The Use of Graphic Design to Support Nurses in the Selection of Look-Alike Medications

2.50
Hdl Handle:
http://hdl.handle.net/10755/202155
Type:
Presentation
Title:
The Use of Graphic Design to Support Nurses in the Selection of Look-Alike Medications
Abstract:
(41st Biennial Convention) Worldwide, look-alike/sound-alike (phonetic and/or orthographic similarity) medication names have been identified as a cause of medication errors in nursing practice. The Federal Drug Administration and Institute for Safe Medication Practices recommend the use of tallman letters to selected parts of the names to help differentiate them from one another. There are few studies demonstrating the effectiveness of this strategy and fewer still that include nurses in the participant pool. This descriptive, exploratory study evaluated tallman lettering and alternative methods of differentiating look-alike medication names. This study used convenience sampling of nurses and pharmacists with varying levels of experience to participate in a series of experiments to measure accuracy and speed in the administration of medications that have look-alike names. The process of developing relevant tasks for the evaluation of the designs and findings will be presented.
Keywords:
technology; collaborative model
Repository Posting Date:
11-Jan-2012
Date of Publication:
4-Jan-2012
Sponsors:
Sigma Theta Tau International

Full metadata record

DC FieldValue Language
dc.typePresentationen_GB
dc.titleThe Use of Graphic Design to Support Nurses in the Selection of Look-Alike Medicationsen_GB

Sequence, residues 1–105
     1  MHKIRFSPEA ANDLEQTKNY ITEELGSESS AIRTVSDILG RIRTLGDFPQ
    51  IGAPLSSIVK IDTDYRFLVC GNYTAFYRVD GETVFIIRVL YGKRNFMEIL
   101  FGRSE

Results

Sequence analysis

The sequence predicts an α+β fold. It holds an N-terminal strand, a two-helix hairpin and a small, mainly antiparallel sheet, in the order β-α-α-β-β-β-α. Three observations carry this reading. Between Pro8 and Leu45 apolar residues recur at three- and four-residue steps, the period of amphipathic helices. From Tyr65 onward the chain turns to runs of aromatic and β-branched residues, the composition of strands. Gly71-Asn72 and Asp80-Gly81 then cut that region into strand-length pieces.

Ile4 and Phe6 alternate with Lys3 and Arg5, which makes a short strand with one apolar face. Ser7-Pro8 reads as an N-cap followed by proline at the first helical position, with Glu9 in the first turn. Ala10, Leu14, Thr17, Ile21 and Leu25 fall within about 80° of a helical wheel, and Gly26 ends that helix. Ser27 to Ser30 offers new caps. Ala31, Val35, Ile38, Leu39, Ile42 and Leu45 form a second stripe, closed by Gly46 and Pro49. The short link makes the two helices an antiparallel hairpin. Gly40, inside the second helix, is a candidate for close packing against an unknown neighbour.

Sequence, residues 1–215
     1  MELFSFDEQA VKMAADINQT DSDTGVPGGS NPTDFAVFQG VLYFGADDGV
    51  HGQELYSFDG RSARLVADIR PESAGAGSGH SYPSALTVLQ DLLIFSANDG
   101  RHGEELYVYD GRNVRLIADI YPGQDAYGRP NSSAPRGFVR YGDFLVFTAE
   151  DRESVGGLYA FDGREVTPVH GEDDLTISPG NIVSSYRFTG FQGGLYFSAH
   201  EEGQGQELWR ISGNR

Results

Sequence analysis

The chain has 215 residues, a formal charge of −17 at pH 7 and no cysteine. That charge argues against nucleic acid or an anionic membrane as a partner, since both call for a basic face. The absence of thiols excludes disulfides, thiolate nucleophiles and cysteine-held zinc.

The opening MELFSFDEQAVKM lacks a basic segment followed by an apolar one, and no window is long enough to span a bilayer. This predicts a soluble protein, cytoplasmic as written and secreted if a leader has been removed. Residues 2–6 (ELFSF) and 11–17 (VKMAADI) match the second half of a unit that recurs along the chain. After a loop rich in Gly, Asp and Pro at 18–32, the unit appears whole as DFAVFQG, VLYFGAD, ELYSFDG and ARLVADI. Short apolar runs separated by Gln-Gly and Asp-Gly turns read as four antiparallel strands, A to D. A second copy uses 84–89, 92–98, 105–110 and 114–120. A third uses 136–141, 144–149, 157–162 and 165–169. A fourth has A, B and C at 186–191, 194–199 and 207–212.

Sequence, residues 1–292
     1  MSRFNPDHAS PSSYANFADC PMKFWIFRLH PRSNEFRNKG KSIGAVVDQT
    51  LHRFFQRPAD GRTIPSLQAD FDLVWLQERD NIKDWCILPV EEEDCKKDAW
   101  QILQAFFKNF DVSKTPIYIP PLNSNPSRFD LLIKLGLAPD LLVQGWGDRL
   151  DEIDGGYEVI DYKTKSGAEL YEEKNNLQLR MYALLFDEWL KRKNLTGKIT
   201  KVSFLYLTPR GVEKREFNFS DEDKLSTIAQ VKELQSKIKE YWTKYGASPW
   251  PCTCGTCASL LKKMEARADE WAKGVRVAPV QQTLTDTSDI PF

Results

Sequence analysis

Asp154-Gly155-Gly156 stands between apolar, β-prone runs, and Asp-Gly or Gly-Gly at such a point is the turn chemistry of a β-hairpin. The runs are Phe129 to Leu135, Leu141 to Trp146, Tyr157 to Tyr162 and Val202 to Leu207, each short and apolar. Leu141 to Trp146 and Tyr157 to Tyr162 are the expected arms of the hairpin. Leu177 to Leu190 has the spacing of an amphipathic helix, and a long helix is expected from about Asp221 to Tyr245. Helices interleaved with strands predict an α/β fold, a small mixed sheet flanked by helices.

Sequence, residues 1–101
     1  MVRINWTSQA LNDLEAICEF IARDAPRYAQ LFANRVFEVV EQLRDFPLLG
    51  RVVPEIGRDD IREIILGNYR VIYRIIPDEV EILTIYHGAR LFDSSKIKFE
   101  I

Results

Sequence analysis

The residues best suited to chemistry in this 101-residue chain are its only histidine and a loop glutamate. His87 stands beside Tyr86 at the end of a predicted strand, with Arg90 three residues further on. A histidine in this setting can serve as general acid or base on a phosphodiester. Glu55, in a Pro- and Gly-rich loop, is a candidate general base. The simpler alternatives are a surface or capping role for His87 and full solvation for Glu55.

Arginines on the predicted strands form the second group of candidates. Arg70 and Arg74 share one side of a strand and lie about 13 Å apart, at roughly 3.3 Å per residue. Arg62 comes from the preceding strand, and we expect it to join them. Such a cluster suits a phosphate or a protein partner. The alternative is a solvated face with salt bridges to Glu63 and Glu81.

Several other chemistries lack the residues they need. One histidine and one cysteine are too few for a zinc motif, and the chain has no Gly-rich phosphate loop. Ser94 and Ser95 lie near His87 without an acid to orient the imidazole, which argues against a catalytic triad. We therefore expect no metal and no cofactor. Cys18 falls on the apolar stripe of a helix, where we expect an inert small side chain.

dc.identifier.urihttp://hdl.handle.net/10755/202155-
dc.description.abstract(41st Biennial Convention) Worldwide, look-alike/sound-alike (phonetic and/or orthographic similarity) medication names have been identified as a cause of medication errors in nursing practice. The Federal Drug Administration and Institute for Safe Medication Practices recommend the use of tallman letters to selected parts of the names to help differentiate them from one another. There are few studies demonstrating the effectiveness of this strategy and fewer still that include nurses in the participant pool. This descriptive, exploratory study evaluated tallman lettering and alternative methods of differentiating look-alike medication names. This study used convenience sampling of nurses and pharmacists with varying levels of experience to participate in a series of experiments to measure accuracy and speed in the administration of medications that have look-alike names. The process of developing relevant tasks for the evaluation of the designs and findings will be presented.en_GB
dc.subjecttechnologyen_GB
dc.subjectcollaborative modelen_GB
dc.date.available2012-01-11T11:12:58Z-
dc.date.issued2012-01-04en_GB
dc.date.accessioned2012-01-11T11:12:58Z-
dc.description.sponsorshipSigma Theta Tau Internationalen_GB
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